Then they are unceremoniously dumped at the back entrance of the railroad station, where the couriers try to blend into the rest of the expectant crowd waiting for the train to Mumbai.
Chanderbhai Suta knows first-hand how quickly fortunes (and reputations) can change in the market. In 2007, disgruntled with a system in which small traders were consistently cheated out of the best prices and best stones, Suta organised the first trader strike in the history of Mahidharpura market.
By his own account, it was a spectacular success, winning “over 95 per cent” of their goals of market fairness and self-policing against cheaters. Among his colleagues, he was a hero.
Suta says that at about the same time, “foreigners started coming around asking around if we’d ever heard of blood diamonds. We’d never heard of them, or of the film. After it came out, a few of us saw it and thought that we were funding wars and felt that it wasn’t good. But the stones without the Kimberley certification were 40 to 50 per cent cheaper, so there were still a lot of buyers.”
Emboldened by his newfound standing, Suta took on the cause. This time, the reaction was swift and vicious. “Once I came out [against blood diamonds], all the rough-diamond dealers decreased their support to me significantly,” Suta said. “The bigger traders were upset, asking, ‘Why do you want to publicise this thing? Everyone is making their bread in peace.’”
Undeterred, he pushed on. “Then they started giving me death threats. I stopped — I didn’t have any other choice.”
A short ride across town, the Directorate of Revenue Intelligence (DRI) isn’t exactly taking up Suta’s shattered mantle. The DRI is the main line of defence against smuggling, tasked with ensuring that all merchandise entering India has the requisite paperwork identifying it as legitimate. Its local headquarters in Surat feel as sleepy as its dilapidated waiting room, which is stacked floor to ceiling with slowly moulding customs forms and newspaper clippings.
Here, seven employees are tasked with tracking nearly all the illegal diamonds coming in and out of India; a few wormholed ledgers that need liberal doses of cellophane tape to stay in one piece tally their successes.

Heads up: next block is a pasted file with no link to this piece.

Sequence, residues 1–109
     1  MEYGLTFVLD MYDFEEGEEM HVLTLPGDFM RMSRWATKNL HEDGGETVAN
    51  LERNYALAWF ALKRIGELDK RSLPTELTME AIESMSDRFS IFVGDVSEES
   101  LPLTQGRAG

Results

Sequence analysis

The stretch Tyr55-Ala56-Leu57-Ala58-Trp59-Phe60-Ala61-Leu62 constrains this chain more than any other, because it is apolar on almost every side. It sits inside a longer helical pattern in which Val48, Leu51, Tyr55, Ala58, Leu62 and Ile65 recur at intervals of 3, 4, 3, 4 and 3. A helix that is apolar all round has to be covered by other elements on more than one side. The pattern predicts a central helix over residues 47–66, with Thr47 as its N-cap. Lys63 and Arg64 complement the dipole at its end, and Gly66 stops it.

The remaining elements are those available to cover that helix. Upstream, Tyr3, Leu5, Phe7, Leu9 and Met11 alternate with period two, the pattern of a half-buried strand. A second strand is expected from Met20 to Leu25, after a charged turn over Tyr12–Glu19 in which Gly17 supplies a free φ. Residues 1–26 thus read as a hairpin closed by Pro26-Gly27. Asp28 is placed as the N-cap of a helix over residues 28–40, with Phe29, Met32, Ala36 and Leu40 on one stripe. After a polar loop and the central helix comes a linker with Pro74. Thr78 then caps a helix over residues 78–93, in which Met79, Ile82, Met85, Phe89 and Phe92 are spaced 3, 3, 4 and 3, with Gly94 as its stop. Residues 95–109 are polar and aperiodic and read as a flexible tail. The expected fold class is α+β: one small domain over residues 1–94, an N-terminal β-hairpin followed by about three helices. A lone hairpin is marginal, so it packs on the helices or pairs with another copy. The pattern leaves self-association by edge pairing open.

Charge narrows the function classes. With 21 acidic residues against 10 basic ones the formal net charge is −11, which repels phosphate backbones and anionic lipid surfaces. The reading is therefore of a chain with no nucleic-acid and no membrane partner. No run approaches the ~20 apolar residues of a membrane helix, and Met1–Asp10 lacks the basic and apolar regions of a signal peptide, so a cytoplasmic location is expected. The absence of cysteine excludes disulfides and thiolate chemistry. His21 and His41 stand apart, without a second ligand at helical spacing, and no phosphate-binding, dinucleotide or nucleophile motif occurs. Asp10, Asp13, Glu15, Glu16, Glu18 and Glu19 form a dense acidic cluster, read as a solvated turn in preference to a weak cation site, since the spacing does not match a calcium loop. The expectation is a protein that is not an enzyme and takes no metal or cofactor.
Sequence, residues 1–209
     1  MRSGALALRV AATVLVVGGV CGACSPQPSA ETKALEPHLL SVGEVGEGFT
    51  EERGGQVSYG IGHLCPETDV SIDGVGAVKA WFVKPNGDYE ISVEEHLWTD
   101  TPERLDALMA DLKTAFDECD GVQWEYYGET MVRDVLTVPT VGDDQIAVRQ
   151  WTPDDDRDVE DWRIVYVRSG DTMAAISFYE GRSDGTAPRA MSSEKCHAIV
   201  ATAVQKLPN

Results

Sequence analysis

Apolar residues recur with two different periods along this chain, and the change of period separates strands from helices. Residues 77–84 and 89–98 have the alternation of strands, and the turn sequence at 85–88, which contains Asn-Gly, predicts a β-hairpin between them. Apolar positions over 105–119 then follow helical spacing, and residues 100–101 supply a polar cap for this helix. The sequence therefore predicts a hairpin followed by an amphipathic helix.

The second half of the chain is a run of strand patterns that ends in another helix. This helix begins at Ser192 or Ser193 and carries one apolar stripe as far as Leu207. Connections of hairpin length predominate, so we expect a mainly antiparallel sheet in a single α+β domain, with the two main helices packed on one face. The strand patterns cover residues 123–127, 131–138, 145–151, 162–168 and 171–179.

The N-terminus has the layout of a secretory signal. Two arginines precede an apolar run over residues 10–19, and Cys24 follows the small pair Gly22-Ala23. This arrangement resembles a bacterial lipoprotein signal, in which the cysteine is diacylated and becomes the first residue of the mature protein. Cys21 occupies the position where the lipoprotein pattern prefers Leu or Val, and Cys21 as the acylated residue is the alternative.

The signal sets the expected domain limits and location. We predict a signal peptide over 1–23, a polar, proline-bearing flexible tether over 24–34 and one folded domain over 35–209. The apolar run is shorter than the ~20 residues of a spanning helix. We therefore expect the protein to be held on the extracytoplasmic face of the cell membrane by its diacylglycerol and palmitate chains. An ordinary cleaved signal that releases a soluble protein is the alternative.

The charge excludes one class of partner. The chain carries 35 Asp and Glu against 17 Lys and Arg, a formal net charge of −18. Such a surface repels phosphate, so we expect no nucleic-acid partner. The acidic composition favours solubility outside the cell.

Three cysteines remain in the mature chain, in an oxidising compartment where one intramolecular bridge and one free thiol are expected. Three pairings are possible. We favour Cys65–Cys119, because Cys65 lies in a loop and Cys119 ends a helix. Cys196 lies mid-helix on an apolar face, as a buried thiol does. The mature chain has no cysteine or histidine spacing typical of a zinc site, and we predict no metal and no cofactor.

Despite the anaemic staffing, the longhand still tells of a few big scores: a staggering 48,000 Zimbabwean carats seized in April 2011, 10,000 carats from Congo later that year. What happens with the seized stones? The Indian government auctions them off.
Local and international diamond firms are then free to bid on the lots. Stamped with a new origin in a Kimberley-approved country, these blood diamonds are handed right back to the global market — now totally untraceable and indistinguishable from legitimately sourced stones. Want to bid? Just sign up online. Proceeds are deposited into the Indian treasury.
Down in Mumbai, the stones hit the catwalk. At the India International Jewellery Show (IIJS), which bills itself as the world’s premier diamond expo, about 25,000 buyers arrive each August from all over the world to make roughly $1 billion in deals with some of the industry’s biggest firms.
If India is where the Kimberley Process goes to die, the IIJS feels something like its Las Vegas funeral. Display cases are stuffed with porcelain bowls glittering with loose diamonds. The hyaline saleswomen attempt to entice the slick-suited foreign dealers walking about with suitcases of cash. Conspicuously absent is any mention of the stones’ origins.
As one major dealer told me, buyers don’t ask about working conditions in Surat because they don’t care; they don’t ask about the Kimberley Process in Mumbai because they know it is useless. None of this is news to officials, who have their suspicions about how the Indian leg of the global diamond-processing chain operates.
“The South African ambassador came here [in 2011] to see the Kimberley Process in action,” Dinesh Navadiya, head of the Surat Diamond Association, told me. “I showed them the small producers and how easy it is to mix up the packets when two bags [of legal and illegal stones] come in. Nobody can tell because [the Kimberley certificate] only lists total carats. And lots of people are coming from China, the US and Europe to buy polished stones like this.”